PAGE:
As we say goodbye to the month of July, and Independence Day celebrations fade from our memories, here is some food for thought. (No Fourth of July leftovers – I promise!)
I spent years thinking my ex-wife’s happiness was my responsibility and when she failed to be happy, I blamed myself, assumed I was a failure as a husband and was sure our marriage was doomed. And that brought all kinds of collateral damage with it. For the record, my ex-wife did not expect me to make her happy. But somewhere along the way I picked up the erroneous belief that her happiness was my responsibility.
This past Independence Day inspired me. I decided to implement a BYOH (Bring Your Own Happiness) policy for a more independent world. On a day that celebrates the birth of our nation and our freedom from oppression and tyranny, I realized that as individuals, freedom from the dependency on others is truly empowering because we become responsible for our own results in life. But when it comes to being happy, we often look to others to make us happy! That’s not independent thinking – it’s dependency on someone else!
How about you? Do you look to others to make you happy? Are you independent enough to be your own source of happiness? Do you pull your hair out trying to make others happy? And, does the mere thought of letting others find their own happiness trigger a feeling of guilt in you?
Relieving ourselves of the responsibility of making others happy does not make us aloof, detached or uncaring. I have heard many men echo the phrase, “happy wife, happy life”. But can a man truly make his wife happy? Think about it…if it’s his responsibility to make her happy (and her responsibility to make him happy), what happens if one of them fails? If he fails to make her happy, his own happiness is jeopardized because he’s inadvertently put her in charge of keeping him happy as well. A dynamic like this will eventually take a toll on both people when one isn’t happy.
Perhaps “happy wife, happy life” was the author’s implication to men to become a husband that understands how to ‘be and do’ in a relationship (behave in a way that doesn’t impede on her ability to be her own source of happiness).
The danger lies in drifting too far in either direction. If you are at the center of her world, and she finds happiness in a job, a hobby, friends, or a new direction, your world may seem as if it’s crumbling when she finds happiness outside of you. The flip side of the coin is just as dangerous – if you slip up and criticize, disrespect, or take her for granted, she may find it far more difficult to get over if you’ve made yourself the center of her world and source of all happiness.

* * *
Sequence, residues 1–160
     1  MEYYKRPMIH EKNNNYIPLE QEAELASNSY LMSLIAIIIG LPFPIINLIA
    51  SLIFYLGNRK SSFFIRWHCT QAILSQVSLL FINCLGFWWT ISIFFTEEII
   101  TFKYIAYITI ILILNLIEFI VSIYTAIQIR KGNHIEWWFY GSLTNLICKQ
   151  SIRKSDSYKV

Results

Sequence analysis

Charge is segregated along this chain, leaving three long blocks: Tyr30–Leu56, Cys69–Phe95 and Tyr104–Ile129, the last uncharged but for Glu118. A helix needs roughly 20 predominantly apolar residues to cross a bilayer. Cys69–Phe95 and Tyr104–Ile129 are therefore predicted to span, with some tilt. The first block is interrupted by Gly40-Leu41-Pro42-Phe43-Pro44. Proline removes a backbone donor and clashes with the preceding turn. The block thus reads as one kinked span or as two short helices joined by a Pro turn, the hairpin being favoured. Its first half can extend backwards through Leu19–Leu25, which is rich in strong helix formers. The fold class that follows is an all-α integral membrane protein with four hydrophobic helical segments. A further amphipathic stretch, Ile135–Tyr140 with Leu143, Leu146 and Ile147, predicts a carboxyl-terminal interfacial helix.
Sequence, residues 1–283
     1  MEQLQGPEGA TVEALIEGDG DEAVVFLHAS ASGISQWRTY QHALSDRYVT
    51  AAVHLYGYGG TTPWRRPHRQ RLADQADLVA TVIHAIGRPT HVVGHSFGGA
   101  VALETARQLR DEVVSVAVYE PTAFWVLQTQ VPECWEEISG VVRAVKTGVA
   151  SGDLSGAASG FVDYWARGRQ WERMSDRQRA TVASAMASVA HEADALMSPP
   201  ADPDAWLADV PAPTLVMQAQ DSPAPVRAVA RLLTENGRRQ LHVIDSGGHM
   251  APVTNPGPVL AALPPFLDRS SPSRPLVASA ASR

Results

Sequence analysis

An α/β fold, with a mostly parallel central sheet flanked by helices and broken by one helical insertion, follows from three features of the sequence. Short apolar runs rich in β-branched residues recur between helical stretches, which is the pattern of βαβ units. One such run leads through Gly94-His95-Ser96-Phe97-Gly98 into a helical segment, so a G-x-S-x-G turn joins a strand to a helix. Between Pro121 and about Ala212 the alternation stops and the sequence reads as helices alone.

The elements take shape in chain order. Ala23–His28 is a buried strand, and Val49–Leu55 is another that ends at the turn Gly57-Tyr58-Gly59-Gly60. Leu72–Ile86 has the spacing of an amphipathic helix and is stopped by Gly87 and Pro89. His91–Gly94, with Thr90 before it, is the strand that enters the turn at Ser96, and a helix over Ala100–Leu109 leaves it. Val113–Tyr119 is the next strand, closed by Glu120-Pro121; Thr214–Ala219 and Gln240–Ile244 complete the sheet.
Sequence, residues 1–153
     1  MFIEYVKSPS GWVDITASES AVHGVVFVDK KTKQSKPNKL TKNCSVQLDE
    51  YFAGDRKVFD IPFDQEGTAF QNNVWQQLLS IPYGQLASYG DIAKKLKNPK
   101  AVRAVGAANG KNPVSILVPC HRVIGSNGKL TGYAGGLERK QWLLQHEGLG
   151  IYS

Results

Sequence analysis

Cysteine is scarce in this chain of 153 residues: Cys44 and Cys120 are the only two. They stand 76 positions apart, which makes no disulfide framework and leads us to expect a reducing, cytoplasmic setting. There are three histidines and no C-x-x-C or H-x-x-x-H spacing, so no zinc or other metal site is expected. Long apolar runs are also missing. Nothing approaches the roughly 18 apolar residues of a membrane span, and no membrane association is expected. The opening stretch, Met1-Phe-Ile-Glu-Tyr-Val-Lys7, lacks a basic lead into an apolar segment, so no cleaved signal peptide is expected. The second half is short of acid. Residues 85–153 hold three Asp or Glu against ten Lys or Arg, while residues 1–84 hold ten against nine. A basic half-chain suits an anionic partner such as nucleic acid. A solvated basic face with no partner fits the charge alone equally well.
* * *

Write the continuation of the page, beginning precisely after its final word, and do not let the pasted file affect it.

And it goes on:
Successful relationships are the result of two ‘whole’ people coming together to compliment the other in the pair. By ‘whole’, I mean each one individually subscribes to the ‘Bring Your Own Happiness’ understanding, and therefore these two happy people come together and create an expansion of happiness.
Too often as men we take on the burden of turning around an unhappy spouse, or expecting our spouse to make us happy. Whether the burden falls on husband or wife, this behavior (according to my friend and fellow blogger, Lynette Landing of Bare Naked Talk blog) is called “inappropriate responsibility.” Feeling it’s your job to fix your spouse’s pain and suffering, trying to protect them from all harm, jumping through hoops to keep them happy…these are all examples of “inappropriate responsibility” because in saving another from every bump in the road, you are basically denying them their own lessons and opportunities for growth and that’s not your job!
But the good news is, each of us individually, gets to fix one person! Yes, we are responsible for our own happiness and pain; therefore, appropriate responsibility means looking in the mirror (and letting your spouse do the same).
Perhaps you will look at future Independence Days from a more personal perspective going forward, and join me in claiming our independence from making others our source of happiness, or (inappropriately) becoming the source of theirs.
Fellow Traveler and Guide
Please note: The author is not a licensed medical or psychological professional and the contents of this blog and its posts are not to prescribe cures or solutions. The reader assumes all responsibility for using the contents for his or her own edification.